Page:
After we returned to Munich, my roommate Kayla and I headed to Olympiapark, which housed the 1972 Olympics, to process everything we learned and felt from our day at Dachau. I am being more conscious about my own self-care. Self-care includes allowing yourself time to process information and feelings. I am glad we did so in such a beautiful space in Munich!

View in Olympia Park Munich: A huge tree backlit by sun, wiht green field and sunny sky. f

Olympia Park, Munich: Suited for Self-care.










Day 6-

We took a day trip to Nuremberg by train to visit the Documentation Center Nazi Party Rally Grounds (Propaganda Museum) and Nuremberg Court House where the Nuremburg trails took place. Unfortunately, the Documentation Center did not have English information headsets available at the time of our visit, so we were not able to get the most out of our visit. The Documentation Center focuses on the tactics and media used by the National Socialist to hold rallies and spread information during the dictatorship. The museum is on the grounds where the party held rallies and Hilter gave some of his most famous speeches.

Large brick building curves around oval courtyard.

Documentation Center, Munich, June, 2019.

Posters and photos from Nazi-era Germany from the Documentation Center in Munich.

Posters and photos from Nazi-era Germany from the Documentation Center in Munich.

 We concluded our day at the Memorium Nuremberg Trials and Courthouse. This courtroom is significant in history because it hosted the Nuremberg Trials where leaders of the Nazi regime were tried by the International Military Tribunal. These trials had a major influence on international criminal law and human rights. Twenty-two people and seven organizations were tried on crimes against peace and humanity, forced labor, conspiracy and war crimes—new concepts used in a fair trial.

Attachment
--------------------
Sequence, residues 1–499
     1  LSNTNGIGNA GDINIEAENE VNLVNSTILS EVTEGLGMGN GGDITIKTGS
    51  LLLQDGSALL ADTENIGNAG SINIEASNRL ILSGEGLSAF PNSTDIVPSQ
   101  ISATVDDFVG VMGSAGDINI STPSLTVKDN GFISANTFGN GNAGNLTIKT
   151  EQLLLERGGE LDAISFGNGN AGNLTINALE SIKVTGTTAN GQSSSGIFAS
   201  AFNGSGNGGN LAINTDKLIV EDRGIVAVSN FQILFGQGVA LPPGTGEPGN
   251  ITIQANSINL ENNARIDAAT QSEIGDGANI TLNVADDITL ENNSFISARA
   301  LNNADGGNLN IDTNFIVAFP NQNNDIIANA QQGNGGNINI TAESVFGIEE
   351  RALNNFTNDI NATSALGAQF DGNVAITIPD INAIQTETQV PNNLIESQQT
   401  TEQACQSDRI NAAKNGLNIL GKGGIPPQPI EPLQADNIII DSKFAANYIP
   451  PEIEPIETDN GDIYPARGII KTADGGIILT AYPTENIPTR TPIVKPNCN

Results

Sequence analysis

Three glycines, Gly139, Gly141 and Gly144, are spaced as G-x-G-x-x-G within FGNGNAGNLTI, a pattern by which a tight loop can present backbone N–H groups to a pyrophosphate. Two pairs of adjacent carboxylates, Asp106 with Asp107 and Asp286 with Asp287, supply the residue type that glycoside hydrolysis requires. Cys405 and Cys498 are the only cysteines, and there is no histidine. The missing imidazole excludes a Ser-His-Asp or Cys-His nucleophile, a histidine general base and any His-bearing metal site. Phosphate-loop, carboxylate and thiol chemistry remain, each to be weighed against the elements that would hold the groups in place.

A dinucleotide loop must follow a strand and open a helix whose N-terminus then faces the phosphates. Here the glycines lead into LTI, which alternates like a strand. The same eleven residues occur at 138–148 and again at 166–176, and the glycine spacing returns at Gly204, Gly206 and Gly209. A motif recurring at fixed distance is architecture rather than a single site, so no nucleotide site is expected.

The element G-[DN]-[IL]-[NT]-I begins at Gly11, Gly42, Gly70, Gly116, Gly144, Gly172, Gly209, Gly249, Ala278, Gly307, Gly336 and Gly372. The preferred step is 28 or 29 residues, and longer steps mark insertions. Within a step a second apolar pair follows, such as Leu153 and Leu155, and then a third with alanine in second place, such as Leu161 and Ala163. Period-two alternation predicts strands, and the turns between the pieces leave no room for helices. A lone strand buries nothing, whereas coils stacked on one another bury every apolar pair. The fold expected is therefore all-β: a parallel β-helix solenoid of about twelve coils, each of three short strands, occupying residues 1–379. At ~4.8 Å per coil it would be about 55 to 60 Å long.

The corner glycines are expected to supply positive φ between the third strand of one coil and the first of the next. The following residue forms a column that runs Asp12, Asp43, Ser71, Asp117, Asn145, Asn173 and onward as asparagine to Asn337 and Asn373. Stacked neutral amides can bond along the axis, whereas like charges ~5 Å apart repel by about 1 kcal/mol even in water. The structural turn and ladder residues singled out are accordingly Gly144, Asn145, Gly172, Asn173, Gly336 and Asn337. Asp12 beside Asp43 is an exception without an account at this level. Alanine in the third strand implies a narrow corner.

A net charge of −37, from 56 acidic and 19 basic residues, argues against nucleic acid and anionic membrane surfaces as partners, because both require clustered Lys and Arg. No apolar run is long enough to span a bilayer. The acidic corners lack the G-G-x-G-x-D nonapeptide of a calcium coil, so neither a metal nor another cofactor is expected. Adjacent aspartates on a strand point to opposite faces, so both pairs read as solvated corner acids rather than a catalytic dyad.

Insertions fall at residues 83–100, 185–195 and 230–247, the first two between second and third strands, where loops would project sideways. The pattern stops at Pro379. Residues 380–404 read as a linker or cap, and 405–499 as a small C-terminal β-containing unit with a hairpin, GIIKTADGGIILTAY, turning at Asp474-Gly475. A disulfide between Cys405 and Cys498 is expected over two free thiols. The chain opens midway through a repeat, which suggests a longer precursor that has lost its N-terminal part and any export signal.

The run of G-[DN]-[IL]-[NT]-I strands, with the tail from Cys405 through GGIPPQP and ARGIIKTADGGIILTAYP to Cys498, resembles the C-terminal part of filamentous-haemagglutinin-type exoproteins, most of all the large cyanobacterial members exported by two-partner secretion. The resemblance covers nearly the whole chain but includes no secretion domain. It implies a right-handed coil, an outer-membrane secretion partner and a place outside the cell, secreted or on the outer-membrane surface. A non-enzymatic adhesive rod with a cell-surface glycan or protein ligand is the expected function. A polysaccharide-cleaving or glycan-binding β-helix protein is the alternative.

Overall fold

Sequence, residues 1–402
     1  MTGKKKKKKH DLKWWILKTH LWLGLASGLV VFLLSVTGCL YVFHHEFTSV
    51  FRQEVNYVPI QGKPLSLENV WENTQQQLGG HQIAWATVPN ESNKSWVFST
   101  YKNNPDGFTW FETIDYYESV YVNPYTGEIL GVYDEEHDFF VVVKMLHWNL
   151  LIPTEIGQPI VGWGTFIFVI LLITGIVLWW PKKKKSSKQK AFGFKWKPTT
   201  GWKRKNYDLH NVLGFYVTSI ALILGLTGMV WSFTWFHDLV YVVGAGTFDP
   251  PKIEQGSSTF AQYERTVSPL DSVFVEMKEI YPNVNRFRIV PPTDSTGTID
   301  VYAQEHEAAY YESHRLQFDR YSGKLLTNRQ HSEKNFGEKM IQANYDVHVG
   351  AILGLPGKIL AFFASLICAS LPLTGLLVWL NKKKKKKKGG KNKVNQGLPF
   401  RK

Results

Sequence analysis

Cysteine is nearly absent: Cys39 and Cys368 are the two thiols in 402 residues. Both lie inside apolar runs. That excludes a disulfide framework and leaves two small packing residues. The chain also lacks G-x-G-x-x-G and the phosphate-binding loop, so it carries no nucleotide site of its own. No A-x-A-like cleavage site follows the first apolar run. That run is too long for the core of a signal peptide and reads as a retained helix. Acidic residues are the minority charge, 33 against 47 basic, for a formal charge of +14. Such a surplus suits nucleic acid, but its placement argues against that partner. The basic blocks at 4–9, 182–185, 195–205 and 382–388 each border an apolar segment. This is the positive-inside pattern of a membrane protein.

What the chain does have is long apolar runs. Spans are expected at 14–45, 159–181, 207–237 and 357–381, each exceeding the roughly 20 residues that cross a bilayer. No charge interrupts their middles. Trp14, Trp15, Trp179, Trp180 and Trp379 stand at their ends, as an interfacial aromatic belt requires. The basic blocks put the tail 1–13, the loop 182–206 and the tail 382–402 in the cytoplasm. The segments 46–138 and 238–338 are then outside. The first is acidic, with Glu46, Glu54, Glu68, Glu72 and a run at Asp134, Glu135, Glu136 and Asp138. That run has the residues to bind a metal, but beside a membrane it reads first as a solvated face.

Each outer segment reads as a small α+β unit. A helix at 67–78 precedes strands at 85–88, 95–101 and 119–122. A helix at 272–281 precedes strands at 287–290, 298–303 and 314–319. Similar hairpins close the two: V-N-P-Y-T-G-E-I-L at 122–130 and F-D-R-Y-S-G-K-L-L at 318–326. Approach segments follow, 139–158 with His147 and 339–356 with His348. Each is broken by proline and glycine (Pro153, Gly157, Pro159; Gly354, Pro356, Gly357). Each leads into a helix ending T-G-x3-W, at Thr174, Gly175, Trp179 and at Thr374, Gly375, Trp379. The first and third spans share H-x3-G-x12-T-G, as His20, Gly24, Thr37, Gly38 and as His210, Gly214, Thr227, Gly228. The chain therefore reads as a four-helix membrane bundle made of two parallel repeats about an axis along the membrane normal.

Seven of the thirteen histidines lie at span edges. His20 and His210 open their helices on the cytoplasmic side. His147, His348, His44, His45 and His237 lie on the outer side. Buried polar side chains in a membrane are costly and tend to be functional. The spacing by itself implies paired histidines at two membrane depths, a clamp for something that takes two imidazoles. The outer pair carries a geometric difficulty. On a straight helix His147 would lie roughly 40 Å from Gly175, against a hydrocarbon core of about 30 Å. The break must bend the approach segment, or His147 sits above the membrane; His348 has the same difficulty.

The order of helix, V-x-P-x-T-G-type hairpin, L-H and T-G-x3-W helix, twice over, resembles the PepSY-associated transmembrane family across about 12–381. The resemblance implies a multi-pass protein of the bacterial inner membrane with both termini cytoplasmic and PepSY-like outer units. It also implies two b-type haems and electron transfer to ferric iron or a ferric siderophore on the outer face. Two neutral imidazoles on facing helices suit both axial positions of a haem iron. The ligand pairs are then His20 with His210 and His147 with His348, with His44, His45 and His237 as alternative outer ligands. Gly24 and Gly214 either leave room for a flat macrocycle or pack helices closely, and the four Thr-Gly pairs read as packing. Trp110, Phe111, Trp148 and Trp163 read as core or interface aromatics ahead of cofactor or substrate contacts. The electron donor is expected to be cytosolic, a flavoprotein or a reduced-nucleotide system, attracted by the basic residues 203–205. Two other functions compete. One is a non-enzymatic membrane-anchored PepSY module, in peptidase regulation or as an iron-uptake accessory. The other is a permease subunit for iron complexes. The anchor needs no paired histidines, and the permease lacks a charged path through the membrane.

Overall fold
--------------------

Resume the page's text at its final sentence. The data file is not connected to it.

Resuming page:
Courtroom at Nuremberg, with wood paneling and coffered ceilings. Two chandeliers are brightly lit, and a cross hangs ont e wall behind the bench with its five chairs.

Courtroom, Memorium, Nuremberg.

Having just visited Dachau, I could not help but think about the courageous survivors who provided testimony that helped seek justice and the re-traumatization that they must have experienced during that trial period. I really enjoyed my time at the Memorium as I learned a lot about the key players in International Military Tribunal and the international response to such crimes. These trails hold a legacy in an international commitment to human rights and holding states accountable for human rights abuses.


Day 7-

We had a free day to explore Munich or greater Bavaria so I headed to Garmisch-Partenkirchen, a ski village that hosted the 1936 Olympics. If you ever have the opportunity to visit southern Bavaria, you should do so. It was the most breath taking, incredible experiences.

We went up to the top of the highest mountain in Germany, Zugspitze, via train and cable car. WOW is all I can say!

View of snowy mountain peaks repeating to the horizone, with blue sky and clouds hovering over the peaks.

Zugspitze, the highest mountain in Germany.

Flowers are foreground, river streams past houses, mountains seen in distance.

Garmische, June 2019.


We then took a cable car to Eibsee lake and took a boat around the lake for the most gorgeous views.

I am a lover of the outdoors so it was nice to get out of the city and experience beautiful nature. We live in an incredibly beautiful world. I highly recommend visiting this town if you have the opportunity!


Day 8-